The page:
If you have already completed an MPL and wish to transfer to a license that makes you more employable, you will need to complete the following. The CPL conversion is strictly only required if you want to fly single pilot commercially, otherwise their existing MPL is fine. Converting to CPL May help to get a multi-pilot job as it seems to be better respected/understood. The IR conversion is definitely ONLY required if you want to fly a single pilot under IFR. There is no point in converting the IR to a single pilot just to get a multi-crew jet job. It’s the LICENCE airlines care about, not rating. Wizzair confirmed this recently.

  • A Multi-Engine Piston Rating (only required if you do not have one) – Not required unless you need to renew/revalidate your single pilot IR (if you even get a single pilot IR). Even then you could use a single pilot small jet type rating to reval/renew.
  • Instrument Rating (IR) – training as necessary – single pilot IR: training as required (nothing like as onerous as the CBIR)
  • Multi-Engine Commercial Pilot’s Licence (ME CPL) – full course – No need to do the CPL multi engine. And it’s just the short course (15hours, 5of which are on a complex type, normally PA-28, then Arrow)

The holder of an MPL may obtain the extra privileges of a CPL(A), provided that the requirements specified in FCL.325.A are met.

MPL holders in the UK have recently been advised not to complete expensive CPL conversion training in order to obtain flying jobs on multi-crew aircraft; they were rightly informed that the conversion course was never intended for this purpose. That said, the conversion training does enable pilots to apply to airlines that still don’t accept the MPL, so putting them on a level playing field with the traditionally licensed colleagues. While it seems unjust, especially when applying to airlines to fly the same aircraft you were flying competently pre-pandemic on your MPL, converting to a CPL may well boost your employability significantly. The hardest part is understanding the requirements and educating your selected training provider!

The above remarks are written on most MPLs and provide a great starting point for getting your head around the conversion rules. FCL.405.A(b)(2) provides a clear pathway to getting a CPL. FCL.405.A(c) provides a less clear pathway to getting a single pilot instrument rating (IR). After more than two months waiting for an answer to a question clarifying the vagueness of the phrase ‘completed the training necessary’, this IR pathway is now clear too. It is worth noting that full ATPL holders who have ‘unfrozen’ their MPLs are still subject to multi-crew limitations of the MPL due to FCL.505.A ATPL(A) – Restriction of privileges for pilots previously holding an MPL.

When the holder of an ATPL(A) has previously held only an MPL, the privileges of the licence shall be restricted to multi-pilot operations, unless the holder has complied with FCL.405.A(b)(2) and (c) for single-pilot operations.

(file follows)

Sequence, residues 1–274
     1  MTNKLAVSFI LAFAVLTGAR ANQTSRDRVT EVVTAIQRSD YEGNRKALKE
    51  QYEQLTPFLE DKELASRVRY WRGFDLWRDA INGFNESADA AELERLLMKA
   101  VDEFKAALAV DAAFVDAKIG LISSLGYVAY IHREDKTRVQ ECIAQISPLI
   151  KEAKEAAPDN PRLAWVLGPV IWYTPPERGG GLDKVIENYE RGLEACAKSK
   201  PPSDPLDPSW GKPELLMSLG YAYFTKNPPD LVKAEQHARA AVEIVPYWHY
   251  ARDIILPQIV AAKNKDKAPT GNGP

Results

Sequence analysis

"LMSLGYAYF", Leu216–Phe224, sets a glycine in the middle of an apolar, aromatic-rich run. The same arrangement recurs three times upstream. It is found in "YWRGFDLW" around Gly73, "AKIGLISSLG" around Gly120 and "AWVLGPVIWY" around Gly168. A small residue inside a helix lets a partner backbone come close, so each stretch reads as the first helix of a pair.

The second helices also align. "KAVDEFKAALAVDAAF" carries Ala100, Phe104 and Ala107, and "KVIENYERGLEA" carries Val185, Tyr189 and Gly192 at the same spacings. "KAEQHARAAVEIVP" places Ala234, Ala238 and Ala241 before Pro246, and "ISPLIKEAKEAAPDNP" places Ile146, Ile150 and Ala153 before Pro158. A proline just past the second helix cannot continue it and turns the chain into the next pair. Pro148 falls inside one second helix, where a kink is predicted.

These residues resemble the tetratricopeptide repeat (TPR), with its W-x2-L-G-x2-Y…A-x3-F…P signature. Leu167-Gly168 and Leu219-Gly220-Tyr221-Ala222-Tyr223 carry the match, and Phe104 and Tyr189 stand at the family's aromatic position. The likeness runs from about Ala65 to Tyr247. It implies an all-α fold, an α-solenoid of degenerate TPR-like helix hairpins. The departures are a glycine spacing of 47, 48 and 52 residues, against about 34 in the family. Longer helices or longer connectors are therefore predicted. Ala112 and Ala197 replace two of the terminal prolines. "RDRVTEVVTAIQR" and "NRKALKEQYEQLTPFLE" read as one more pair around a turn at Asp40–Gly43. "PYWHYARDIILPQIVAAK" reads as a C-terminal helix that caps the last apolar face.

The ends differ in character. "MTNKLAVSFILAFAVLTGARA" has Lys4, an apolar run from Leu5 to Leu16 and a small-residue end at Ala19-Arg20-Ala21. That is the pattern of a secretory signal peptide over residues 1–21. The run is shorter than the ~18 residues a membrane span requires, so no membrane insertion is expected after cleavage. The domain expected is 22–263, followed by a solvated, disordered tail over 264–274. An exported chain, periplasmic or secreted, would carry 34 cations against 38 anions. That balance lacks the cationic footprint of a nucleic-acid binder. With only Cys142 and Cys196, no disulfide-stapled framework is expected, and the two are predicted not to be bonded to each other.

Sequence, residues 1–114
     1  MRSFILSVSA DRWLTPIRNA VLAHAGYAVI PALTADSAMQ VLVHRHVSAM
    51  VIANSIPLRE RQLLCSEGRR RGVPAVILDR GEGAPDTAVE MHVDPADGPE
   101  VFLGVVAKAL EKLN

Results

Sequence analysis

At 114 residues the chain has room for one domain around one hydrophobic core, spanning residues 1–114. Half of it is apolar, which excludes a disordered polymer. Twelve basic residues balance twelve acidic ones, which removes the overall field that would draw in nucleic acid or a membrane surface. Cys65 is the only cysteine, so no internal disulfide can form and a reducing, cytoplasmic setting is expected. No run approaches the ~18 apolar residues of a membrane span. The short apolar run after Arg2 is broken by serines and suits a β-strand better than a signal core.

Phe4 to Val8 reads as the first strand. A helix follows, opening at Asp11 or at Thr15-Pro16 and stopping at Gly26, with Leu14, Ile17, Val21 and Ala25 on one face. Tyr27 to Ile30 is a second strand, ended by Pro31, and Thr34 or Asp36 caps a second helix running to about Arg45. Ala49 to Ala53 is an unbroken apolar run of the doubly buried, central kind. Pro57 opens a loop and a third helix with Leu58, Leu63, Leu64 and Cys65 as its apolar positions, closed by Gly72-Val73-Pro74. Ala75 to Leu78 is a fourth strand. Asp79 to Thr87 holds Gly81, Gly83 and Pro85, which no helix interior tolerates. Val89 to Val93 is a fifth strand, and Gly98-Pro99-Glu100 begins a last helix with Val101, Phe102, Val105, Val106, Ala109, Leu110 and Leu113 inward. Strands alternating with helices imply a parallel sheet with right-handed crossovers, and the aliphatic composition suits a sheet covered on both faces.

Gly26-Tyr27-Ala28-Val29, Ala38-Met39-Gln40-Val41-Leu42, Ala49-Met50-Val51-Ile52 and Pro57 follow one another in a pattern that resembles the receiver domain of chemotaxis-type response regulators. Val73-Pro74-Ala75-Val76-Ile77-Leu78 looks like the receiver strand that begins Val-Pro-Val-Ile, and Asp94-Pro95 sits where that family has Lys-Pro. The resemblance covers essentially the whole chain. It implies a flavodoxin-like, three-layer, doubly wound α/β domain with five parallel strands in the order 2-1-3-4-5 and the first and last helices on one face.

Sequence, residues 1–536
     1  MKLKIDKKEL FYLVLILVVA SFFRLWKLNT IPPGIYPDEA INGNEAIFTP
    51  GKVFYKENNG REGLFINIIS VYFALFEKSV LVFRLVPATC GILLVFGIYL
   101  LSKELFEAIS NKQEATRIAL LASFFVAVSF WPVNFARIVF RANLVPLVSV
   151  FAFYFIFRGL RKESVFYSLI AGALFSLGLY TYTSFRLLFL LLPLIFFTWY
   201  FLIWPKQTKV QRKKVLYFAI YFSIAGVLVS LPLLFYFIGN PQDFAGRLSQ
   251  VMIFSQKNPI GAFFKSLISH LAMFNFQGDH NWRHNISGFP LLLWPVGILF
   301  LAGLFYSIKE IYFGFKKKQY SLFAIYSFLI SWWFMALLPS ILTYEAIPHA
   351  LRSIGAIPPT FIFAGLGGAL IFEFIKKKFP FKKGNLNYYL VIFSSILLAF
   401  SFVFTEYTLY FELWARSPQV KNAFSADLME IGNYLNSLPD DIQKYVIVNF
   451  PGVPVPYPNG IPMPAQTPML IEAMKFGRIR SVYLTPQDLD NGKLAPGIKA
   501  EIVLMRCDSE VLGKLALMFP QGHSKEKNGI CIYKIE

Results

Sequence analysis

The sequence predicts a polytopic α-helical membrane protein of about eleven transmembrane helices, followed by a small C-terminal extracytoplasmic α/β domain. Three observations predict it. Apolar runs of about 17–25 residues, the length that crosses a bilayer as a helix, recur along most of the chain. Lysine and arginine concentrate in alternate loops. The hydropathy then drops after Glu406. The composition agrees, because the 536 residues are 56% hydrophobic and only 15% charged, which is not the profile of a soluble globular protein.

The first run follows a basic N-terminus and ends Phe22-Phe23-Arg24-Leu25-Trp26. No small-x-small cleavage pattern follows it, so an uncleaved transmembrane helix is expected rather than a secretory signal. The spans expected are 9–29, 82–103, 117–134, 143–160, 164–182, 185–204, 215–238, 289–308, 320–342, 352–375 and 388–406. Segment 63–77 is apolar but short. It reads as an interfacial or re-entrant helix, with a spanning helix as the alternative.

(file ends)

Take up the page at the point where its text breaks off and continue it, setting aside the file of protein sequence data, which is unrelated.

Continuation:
The requirements mentioned above are in: FCL.405.A MPL – Privileges

(b) The holder of an MPL may obtain the extra privileges of:
(2) a CPL(A), provided that the requirements specified in FCL.325.A are met.
(c) The holder of an MPL shall have the privileges of his/her IR(A) limited to aeroplanes required to be operated with a co-pilot. The privileges of the IR(A) may be extended to single-pilot operations in aeroplanes, provided that the licence holder has completed the training necessary to act as PIC in single-pilot operations exercised solely by reference to instruments and passed the skill test of the IR(A) as a single-pilot.
FCL.325.A leads you to: CPL(A) – Specific conditions for MPL holders

Before exercising the privileges of a CPL(A), the holder of an MPL shall have completed in aeroplanes:
(a) 70 hours of flight time:
(1) as PIC; or
(2) made up of at least 10 hours as PIC and the additional flight time as PIC under supervision (PICUS). Of these 70 hours, 20 shall be of VFR cross-country flight time as PIC, or cross-country flight time made up of at least 10 hours as PIC and 10 hours as PICUS. This shall include a VFR cross country flight of at least 540 km (300 NM) in the course of which full-stop landings at two different aerodromes shall be flown as PIC;
(b) the elements of the CPL(A) modular course as specified in paragraphs 10(a) and 11 of Appendix 3, E to this Part; and
(c) the CPL(A) skill test, in accordance with FCL.320.

Note that it doesn’t mention 10(b), which means that they don’t require the night rating. Paragraphs 10(a) and 11 of Appendix 3, E lead you to:

10. (a) Applicants with a valid IR shall be given at least 15 hours of dual visual flight instruction.
11. At least 5 hours of the flight instruction shall be carried out in an aeroplane certificated for the carriage of at least 4 persons and have a variable pitch propeller and retractable landing gear.

This is just the normal 15 hour modular CPL course with a skills test booked through the CAA. Any CPL modular school can offer it. You can see there are generous reductions to the normal hours prerequisites for MPL holders, allowing PICUS (airline or non-airline) time to be used. Unless you happen to have previously completed a VFR 300nm qualifying cross-country (QXC) flight, you will need to do that too; note that airline flying doesn’t count in this case. The CPL conversion also helps you meet the prerequisites of the flight instructor rating. Reading FCL.915.FI you will notice that while PPL holders need 150 hours PIC, CPL holders do not. PICUS doesn’t count. The MPL isn’t mentioned (of course!)